b. in 1994 in Le Havre, France. Lives and works in Paris.


After completing studies at the Atelier de Sèvres in Paris, Marie Hazard went to London to pursue textile design at Central Saint-Martins. Her medium of choice is weaving: before taking to her own loom, she assisted American artist Sheila Hicks, a leading figure of the textile art movement of the 60s. Hicks is known for her innovative revival of traditional weaving practices. Weaving had long been considered more craft than art, but weaving techniques would enter the vocabulary of contemporary fine art through the work of Bauhaus artists such as Annie Albers, and later, the Arte Povera movement, including the work of Alighiero Boetti.


In a world where textiles are usually associated with industrial production, Marie Hazard advocates slowing down and returning to the fundamental principles and pace of craftwork. Somewhere between painting, sculpture, and installation, the meticulousness required of Hazard’s woven work in no way precludes spontaneity. Hazard draws her inspiration from contemporary culture and fashion in particular, keeping abreast of its historical evolution, techniques, and applications. By printing professional basketball jerseys onto her woven pieces, for example, she invites viewers to see them in a new light by evoking their utilitarian function and tactile pleasure.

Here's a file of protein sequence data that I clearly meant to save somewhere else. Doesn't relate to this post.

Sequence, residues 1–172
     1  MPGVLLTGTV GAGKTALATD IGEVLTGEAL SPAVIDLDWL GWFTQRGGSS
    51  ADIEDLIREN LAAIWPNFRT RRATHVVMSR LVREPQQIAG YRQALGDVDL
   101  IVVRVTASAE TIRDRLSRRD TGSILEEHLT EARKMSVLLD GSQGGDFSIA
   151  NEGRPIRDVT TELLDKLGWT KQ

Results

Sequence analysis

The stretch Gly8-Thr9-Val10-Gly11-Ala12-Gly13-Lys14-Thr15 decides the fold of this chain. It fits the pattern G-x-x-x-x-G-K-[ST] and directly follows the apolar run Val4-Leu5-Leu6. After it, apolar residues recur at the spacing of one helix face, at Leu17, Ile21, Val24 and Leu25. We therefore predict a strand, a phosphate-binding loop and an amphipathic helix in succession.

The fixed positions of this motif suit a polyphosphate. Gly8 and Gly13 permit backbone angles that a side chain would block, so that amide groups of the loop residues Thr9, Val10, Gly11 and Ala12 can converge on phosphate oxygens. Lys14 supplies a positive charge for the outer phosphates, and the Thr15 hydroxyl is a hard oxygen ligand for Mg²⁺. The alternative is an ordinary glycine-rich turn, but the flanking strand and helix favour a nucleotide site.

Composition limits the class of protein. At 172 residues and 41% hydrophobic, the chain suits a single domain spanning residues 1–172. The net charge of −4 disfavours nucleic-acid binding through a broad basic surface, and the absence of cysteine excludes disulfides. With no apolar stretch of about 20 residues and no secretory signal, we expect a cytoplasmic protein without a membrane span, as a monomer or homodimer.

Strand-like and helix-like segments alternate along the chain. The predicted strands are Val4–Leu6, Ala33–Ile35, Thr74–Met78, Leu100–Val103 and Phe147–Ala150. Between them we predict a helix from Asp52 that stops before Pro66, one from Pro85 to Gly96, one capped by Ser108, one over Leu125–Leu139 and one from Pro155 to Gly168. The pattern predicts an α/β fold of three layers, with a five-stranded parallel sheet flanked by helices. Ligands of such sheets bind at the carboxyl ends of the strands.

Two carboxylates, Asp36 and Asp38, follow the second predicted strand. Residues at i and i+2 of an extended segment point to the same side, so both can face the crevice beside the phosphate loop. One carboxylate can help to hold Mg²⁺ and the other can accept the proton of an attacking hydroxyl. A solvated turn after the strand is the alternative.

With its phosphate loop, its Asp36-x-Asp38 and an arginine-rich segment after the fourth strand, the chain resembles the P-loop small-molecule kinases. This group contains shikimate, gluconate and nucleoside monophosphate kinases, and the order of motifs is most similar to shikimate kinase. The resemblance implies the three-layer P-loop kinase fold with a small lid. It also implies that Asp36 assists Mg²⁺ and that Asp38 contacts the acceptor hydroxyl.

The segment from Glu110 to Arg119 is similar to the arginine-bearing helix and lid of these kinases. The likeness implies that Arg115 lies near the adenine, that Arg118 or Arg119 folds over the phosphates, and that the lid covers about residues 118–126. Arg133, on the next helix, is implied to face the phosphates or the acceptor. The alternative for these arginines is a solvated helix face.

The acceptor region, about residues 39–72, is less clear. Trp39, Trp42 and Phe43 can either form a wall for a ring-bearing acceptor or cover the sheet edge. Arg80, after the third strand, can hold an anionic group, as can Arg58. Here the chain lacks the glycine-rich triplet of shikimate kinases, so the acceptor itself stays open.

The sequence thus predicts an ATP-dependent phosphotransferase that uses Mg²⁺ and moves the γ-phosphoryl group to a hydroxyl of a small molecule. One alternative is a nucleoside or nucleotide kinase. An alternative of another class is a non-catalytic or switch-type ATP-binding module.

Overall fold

Beyond the tactile properties of cloth, Marie Hazard uses the technique of weaving as a narrative medium. The etymological origins of the French word tisser (to weave), deriving from the Latin texere (to write) bring this idea to fore. Thus, from her loom, Marie Hazard literally weaves elements of her personal life – fragments of text, drawings, and even photographs – into a sort of diary that speaks of her world and of the world around her.